I almost put my fist through a car window while delivering pizza and broke down crying because I did something autistic in front of a customer post-diagnosis. My denial of my diagnosis was very strong prior to that moment. Realizing that I can finally admit that without cringing in shame is proof that I have gained some perspective since then.
My 5 observations are:
A) My acceptance is a process and path unique to me
Believe me when I say acceptance was not from A to B. My acceptance was from A to 7 to a ? to doing donuts around the Batman symbol a couple of times and finally reaching B in reverse. Some days still feel like that day with the car window. Others are nothing like that. Just depends on the day.
B) My diagnosis fixed nothing about my family dynamic.
The ideal outcome I wanted with my family and my diagnosis had its throat cut by the harsh reality. I’m still misunderstood. I’m still reluctant to talk to my family about my autism. Nothing changed. The only family that gives me any support are the ones who always have.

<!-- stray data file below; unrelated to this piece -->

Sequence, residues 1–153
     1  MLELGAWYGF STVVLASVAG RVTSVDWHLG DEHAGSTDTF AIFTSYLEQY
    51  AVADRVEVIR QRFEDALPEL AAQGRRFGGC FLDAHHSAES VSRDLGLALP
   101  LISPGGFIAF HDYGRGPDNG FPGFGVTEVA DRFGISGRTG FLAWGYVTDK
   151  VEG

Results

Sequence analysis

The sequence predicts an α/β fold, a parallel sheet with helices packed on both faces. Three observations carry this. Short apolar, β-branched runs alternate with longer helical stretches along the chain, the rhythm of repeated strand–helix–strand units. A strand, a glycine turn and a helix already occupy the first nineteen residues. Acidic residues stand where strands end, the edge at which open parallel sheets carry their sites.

C) Knowing is half the battle
I did “get it” from that because it fits. A lot of trouble I have right now is simply because I didn’t put in the work to keep myself informed. Keeping myself knowledgeable about what’s going on and constantly asking questions has great power to me.
D) I was not expecting to be a self-advocate
I just wanted to get my life put back together and move on when I first found out. I never wanted to advocate anything. But sitting on a panel one day made me realize that I go through a lot and that my perspective could help myself and others.
E) I am not alone
Early in my post-diagnosis journey, I assumed incorrectly that there was no one out there who could understand me. The following years have proven me very wrong. There is an understanding about autistics among autistics that I didn’t know was possible. For that I am truly grateful.
- The Enormity of Being Black and Autistic: On self-hate and social media — June 25, 2020
- The Patterns of Injustice that Lead to the Loss of Black Lives — June 1, 2020
- A Black Autistic Man Reflects on the Murder of George Floyd — May 28, 2020